What you need to know about Alzheimer's disease
Some facts about Alzheimer's Disease
By Jim Huinink (with sources, as indicated below)
- Approximately 5 million Americans suffer from Alzheimer's Disease, according to the best estimates.
- Damage to the brain can begin as early as 10 or 20 years before any symptoms begin to manifest. Using brain imaging, these early signs are beginning to be tracked but there is still much research to be done.
- To a degree, individuals' risk of contracting Alzheimer's can be reduced through keeping the mind nimble and exercising memory.
- Other studies have shown that social activity is also beneficial in combating Alzheimer's Disease.
- There is some divergence of opinion when it comes to Alzheimer's and gender but a 2008 report put the risk ratio at 1:6 for women compared to 1:10 for men. The same magazine also reported that risk factors for each gender were different, with depression a contributing factor for woman and stroke the primary indicator for men. Read the report.
- Prevalence over the age of 65. A US survey in 2010 pegged the percentage of those with Alzheimer's at one in eight or 13%.
- Denial and defensiveness common reactions of family members. "For families, it's a real struggle if a mother who was always sweet now wants control over everything and gets angry if she can't get it," according to Lynn Gallagher of Toronto's Family Service Association.
- Every day 1200 people are diagnosed with Alzheimer's Disease, according to Alzheimer's Reading Room. Approximately 100 Canadians every day are also diagnosed.
- Over 50% of Canadians' lives are affected by Alzheimer's Disease, in one way or another.
- Snoezelen therapy is still regarded as a worthwhile stimulant to reduce the risk of Alzheimer's Disease.
Alzheimer's Disease was named in the early 20th century by Dr. Alois Alzheimer, a German psychologist and neuropathologist, Alzheimer diagnosed alterations in the brain tissue of an autopsied patient, who had suffered from symptoms including memory loss and unpredictable behaviours. Significant findings of his examination were the presence of amyloid plaques and neurofibrillary tangles. Today, these are two of the three most prevalent features of Alzheimer's Disease, along with a loss of connection between brain neurons (nerve cells).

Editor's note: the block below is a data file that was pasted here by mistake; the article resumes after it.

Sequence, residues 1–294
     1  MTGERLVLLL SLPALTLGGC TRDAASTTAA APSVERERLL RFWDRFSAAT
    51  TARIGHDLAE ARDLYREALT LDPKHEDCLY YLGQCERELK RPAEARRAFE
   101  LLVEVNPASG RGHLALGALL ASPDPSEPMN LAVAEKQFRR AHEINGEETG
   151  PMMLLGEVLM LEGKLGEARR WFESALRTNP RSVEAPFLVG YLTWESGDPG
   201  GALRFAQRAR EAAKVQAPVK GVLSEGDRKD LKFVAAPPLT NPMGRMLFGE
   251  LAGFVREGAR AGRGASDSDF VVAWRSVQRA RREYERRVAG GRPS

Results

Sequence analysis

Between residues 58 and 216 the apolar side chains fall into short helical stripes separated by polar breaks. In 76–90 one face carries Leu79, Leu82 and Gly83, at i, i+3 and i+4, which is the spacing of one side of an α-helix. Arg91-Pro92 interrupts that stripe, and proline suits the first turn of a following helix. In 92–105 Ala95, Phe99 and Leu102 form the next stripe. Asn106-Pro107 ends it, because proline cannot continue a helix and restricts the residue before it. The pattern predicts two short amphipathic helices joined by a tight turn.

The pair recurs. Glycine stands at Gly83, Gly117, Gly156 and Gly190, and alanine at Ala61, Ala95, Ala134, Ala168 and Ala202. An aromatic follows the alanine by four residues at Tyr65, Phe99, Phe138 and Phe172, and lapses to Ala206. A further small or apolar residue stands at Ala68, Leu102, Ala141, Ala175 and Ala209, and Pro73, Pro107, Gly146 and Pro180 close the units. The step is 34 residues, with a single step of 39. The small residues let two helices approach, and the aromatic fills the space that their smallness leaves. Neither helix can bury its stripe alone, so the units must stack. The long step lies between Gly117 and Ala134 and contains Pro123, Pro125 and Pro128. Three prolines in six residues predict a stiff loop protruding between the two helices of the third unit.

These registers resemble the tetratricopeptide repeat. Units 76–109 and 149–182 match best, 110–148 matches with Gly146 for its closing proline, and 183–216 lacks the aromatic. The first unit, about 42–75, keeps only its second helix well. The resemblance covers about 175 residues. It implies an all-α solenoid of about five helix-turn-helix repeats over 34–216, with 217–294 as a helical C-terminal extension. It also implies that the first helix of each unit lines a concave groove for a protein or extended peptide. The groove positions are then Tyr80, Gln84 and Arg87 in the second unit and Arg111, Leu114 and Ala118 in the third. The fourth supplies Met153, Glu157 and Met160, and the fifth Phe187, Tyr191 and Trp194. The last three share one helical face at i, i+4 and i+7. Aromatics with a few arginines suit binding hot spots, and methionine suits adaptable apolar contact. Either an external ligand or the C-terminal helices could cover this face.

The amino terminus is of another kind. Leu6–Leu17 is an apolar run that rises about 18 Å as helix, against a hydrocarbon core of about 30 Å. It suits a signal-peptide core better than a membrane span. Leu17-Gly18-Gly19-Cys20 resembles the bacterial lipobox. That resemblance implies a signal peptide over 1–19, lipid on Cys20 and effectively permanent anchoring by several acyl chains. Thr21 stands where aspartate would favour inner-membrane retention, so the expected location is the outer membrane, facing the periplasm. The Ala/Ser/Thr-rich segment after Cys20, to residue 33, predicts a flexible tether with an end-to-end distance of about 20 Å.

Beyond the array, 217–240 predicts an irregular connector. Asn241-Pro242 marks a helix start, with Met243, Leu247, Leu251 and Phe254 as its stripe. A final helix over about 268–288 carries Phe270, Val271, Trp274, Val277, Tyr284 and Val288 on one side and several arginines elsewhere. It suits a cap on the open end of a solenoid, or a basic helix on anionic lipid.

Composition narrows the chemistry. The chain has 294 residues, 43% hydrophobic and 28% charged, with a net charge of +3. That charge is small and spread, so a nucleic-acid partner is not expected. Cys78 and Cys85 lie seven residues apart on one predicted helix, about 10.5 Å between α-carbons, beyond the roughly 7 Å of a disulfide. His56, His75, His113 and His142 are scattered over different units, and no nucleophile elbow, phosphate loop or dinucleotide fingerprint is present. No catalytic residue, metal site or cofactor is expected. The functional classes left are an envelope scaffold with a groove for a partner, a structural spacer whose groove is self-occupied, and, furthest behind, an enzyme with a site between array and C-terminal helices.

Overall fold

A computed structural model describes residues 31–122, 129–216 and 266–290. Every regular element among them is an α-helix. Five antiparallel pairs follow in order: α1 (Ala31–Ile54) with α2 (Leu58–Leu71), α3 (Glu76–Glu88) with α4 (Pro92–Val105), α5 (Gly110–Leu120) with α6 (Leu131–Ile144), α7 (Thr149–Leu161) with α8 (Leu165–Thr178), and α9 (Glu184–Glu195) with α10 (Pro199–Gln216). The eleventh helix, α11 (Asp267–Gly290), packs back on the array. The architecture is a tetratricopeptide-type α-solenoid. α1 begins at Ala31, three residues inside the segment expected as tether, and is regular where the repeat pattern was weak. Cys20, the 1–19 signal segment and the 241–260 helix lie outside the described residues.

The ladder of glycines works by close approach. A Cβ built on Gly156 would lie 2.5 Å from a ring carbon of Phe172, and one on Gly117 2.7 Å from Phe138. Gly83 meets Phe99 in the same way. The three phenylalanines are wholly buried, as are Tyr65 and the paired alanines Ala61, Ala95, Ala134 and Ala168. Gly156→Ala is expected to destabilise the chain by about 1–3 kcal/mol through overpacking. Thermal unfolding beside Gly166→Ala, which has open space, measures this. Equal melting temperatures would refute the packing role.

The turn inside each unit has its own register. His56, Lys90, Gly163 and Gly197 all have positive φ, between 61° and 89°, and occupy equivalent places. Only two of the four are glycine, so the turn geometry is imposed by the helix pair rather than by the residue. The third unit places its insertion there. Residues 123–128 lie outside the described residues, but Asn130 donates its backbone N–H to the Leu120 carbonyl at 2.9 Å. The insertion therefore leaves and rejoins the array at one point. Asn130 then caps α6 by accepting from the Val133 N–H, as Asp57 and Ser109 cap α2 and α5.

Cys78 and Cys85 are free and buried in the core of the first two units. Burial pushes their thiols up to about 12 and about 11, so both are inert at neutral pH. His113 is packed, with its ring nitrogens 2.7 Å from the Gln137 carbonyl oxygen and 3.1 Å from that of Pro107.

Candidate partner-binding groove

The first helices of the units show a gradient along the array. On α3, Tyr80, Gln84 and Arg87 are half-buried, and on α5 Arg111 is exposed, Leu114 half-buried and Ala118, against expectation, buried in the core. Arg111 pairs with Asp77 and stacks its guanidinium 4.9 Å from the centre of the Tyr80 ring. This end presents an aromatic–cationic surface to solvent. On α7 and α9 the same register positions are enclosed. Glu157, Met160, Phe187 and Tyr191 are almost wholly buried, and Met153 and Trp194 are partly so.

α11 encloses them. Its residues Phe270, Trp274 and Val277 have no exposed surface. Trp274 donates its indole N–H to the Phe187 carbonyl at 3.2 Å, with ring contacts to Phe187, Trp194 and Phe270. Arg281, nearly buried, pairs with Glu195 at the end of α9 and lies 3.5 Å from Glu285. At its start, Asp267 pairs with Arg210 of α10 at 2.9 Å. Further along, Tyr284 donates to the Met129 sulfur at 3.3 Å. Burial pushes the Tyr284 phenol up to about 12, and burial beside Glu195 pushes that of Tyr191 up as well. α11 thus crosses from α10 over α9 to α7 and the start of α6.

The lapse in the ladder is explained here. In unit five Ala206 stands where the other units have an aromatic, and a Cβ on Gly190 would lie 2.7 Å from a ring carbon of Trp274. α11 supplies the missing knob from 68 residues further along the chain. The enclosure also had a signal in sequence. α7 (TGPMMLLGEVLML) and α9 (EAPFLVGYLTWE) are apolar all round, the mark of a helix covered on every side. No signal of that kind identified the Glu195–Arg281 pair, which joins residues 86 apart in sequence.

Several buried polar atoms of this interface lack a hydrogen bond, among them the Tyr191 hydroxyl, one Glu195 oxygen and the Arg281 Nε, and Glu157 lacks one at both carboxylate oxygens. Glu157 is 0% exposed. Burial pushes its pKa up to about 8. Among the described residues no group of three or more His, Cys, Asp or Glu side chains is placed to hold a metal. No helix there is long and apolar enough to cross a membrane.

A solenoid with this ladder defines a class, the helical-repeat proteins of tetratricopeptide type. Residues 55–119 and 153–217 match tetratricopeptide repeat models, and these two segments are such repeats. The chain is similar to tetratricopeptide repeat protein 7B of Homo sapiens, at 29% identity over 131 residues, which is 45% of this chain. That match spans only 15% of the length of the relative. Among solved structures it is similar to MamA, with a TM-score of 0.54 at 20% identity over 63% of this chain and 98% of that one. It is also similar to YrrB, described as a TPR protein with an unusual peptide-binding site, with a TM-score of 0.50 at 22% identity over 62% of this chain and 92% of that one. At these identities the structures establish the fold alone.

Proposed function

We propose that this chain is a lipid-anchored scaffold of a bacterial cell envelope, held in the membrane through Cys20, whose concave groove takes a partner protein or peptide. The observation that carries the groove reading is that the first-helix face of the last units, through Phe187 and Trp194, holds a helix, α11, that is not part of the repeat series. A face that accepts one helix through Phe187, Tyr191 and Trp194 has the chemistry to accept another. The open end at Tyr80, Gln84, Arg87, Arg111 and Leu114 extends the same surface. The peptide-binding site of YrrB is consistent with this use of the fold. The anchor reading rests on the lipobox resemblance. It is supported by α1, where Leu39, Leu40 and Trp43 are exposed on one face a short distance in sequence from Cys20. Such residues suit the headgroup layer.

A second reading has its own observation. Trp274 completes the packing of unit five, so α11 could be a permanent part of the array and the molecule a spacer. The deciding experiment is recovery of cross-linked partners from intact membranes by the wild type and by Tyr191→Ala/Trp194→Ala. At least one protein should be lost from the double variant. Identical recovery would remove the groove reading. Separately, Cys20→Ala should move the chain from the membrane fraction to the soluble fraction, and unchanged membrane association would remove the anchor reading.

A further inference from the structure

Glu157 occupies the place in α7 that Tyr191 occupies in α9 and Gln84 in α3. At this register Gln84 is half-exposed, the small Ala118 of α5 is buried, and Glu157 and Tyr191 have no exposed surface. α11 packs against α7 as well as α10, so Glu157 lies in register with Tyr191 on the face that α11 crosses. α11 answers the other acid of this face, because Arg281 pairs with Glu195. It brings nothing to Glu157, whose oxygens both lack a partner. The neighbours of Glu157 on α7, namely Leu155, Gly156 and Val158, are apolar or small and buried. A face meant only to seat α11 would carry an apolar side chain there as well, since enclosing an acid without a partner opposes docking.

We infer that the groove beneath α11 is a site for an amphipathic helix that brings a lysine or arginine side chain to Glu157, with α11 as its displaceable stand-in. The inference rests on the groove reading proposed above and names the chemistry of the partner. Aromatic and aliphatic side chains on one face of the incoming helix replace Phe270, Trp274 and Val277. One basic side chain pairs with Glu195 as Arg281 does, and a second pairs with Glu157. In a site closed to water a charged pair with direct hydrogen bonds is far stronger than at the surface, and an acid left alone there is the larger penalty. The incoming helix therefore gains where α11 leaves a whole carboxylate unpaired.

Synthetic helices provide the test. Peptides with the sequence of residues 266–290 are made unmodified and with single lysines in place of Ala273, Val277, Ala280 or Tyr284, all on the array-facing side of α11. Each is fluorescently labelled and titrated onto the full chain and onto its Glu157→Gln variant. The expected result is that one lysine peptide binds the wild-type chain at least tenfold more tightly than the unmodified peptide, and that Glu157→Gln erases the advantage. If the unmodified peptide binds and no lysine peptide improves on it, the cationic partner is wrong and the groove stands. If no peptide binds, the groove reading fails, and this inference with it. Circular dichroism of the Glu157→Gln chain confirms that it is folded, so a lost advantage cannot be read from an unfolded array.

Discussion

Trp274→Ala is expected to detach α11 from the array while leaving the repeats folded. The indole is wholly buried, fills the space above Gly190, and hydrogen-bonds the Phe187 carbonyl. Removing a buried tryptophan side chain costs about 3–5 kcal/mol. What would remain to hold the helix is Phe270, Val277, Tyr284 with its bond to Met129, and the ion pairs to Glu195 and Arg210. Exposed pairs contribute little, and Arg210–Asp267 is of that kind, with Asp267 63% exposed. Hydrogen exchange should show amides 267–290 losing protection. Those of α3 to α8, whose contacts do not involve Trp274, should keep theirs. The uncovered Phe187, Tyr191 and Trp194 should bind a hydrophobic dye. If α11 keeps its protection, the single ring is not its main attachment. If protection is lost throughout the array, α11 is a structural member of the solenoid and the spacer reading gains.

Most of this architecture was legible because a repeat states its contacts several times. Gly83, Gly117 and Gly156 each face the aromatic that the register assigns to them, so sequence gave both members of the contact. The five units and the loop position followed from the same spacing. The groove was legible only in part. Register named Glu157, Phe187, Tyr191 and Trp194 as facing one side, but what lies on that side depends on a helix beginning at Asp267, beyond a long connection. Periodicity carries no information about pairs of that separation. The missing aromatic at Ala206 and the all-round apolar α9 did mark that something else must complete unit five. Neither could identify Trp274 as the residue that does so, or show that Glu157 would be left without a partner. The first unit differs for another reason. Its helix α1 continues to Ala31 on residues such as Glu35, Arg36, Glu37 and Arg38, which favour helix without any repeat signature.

Alzheimer's Signs and Symptoms
According to the US body, The National Institutes of Health, memory problems at a young or middle age may indicate a propensity of Alzheimer's Disease. People with more memory problems than others may have a condition called amnestic mild cognitive impairment (MCI). A higher percentage of people with MCI go on to develop Alzheimer's Disease than those without MCI.
Brain imaging and biomarker studies can be used to diagnose early stage Alzheimer's in those with MCI or a family history of Alzheimer's. As of 2011, this is an indication of our deepening understanding of the disease and progress toward treatment and a cure. Read more about Alzheimer's signs and symptoms.
The causes of Alzheimer's Disease are still not well understood. But it is thought that the disease arises as a result of a mix of causes that includes genetics, the environment and lifestyle choices. It is thought that Alzheimer's affects aging people more than the rest of the population because of atrophy as well as inflammation and the increased production of free radicals.
But as with so much related to this disease, there is still much research needed to fully understand this disease and implement proper prevention, treatment and cures.